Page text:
Journal List > Endocrinol Metab > v.26(2) > 1085878

Oh, Choi, Lee, Kim, Yi, Kim, Lee, and Lim: A Case of Primary Hyperparathyroidism Caused by Solitary Parathyroid Adenoma That was Not Detected by Both Ultrasonography and Sestamibi Scan


Thanks to advances in assay techniques and routine measurements in serum chemical analysis, primary hyperparathyroidism has become far more frequently detected, and the number of asymptomatic patients has substantially increased. In the majority of patients (85%), a solitary adenoma is the underlying cause of primary hyperparathyroidism. Surgical excision is the treatment of choice for most cases of primary hyperparathyroidism; this procedure has a relatively high success rate. In the past decade, improvements in preoperative imaging have played a major role in a targeted operative approach, which allows for minimally invasive surgery to be performed. The success of parathyroid surgery depends on the accurate preoperative localization of parathyroid adenoma. In this study, we report the case of a 54 year-old woman with primary hyperparathyroidism who presented with left buttock and leg pain. For localization of the parathyroid lesion, an ultrasonography and a 99mTc-sestamibi scan were initially performed, but these attempts failed to localize the lesion. We then carried out contrast-enhanced CT; thereafter, a single parathyroid adenoma was detected. Therefore, in patients with negative results on both ultrasonography and 99mTc-sestamibi scan, contrast-enhanced CT may prove helpful for preoperative parathyroid localization.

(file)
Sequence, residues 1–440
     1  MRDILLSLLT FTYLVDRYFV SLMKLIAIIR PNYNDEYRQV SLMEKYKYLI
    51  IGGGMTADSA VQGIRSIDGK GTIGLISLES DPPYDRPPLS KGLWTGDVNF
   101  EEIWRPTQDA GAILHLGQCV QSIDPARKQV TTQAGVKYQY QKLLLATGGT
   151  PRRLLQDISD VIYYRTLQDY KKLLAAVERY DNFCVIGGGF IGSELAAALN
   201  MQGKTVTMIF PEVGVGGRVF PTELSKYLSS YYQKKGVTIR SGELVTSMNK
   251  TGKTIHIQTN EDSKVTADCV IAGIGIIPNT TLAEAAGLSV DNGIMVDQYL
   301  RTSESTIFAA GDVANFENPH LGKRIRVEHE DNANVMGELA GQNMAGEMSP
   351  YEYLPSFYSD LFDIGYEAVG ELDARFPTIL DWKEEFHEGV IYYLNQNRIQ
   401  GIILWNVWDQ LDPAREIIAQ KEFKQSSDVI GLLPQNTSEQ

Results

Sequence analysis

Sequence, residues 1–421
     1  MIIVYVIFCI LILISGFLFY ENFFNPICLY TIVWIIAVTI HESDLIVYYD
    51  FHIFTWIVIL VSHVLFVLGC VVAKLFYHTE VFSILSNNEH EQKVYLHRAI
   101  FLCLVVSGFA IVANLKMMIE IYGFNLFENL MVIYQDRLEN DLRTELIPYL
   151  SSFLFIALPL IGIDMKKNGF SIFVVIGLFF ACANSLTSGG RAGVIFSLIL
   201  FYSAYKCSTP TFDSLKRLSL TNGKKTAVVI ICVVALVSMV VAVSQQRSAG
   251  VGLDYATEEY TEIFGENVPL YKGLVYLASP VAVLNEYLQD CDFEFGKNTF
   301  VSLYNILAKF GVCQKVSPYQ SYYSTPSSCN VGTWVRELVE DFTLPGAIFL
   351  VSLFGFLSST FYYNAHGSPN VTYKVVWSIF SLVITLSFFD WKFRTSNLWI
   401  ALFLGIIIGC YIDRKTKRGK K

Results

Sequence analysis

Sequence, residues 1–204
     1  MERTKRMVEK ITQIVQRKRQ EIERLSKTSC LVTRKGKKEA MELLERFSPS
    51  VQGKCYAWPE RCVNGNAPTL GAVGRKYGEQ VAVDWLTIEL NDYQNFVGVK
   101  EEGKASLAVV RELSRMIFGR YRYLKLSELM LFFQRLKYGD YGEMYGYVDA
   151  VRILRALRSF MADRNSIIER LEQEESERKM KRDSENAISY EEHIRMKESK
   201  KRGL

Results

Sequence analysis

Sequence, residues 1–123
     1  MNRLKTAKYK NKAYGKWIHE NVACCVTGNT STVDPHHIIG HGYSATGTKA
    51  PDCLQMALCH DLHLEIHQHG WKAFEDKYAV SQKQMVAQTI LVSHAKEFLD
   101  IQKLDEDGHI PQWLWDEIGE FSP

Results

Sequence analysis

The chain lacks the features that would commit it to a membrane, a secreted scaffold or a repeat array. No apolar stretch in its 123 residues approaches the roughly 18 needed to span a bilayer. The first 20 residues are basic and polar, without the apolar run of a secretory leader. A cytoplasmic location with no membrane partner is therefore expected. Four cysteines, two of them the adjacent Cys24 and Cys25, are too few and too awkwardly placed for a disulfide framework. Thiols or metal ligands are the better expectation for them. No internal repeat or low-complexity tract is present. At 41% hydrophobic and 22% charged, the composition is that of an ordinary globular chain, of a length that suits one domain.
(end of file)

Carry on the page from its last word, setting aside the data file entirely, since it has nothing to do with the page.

Figures and Tables

Fig. 1
99mTc-sestamibi scan shows no focal parathyroid uptake on 2-hour delayed image.
Fig. 2
Sequence chromatogram of parts of exon 7 of the CaSR gene from the proband. The arrow in the chromatogram indicates the presense of heterozygous missense nucleotide substitution due to T → C substitution at nucleotide 2968 causing R990G in the PCR with reverse primer.
Fig. 3
Contrast-enhanced CT of lower neck shows a contrast enhancing lesion posterior to the right lobe of thyroid gland (arrows).
Fig. 4
Microscopic findings of parathyroid gland show homogenous proliferative lesions without vascular invasion. The chief cells are predominant and arranged in acinar pattern. Nuclei are small round and have finely dense chromatin with faintly eosinophilic cytoplasm, consistent with parathyroid adenoma (A, H&E stain; × 40; B, × 400).


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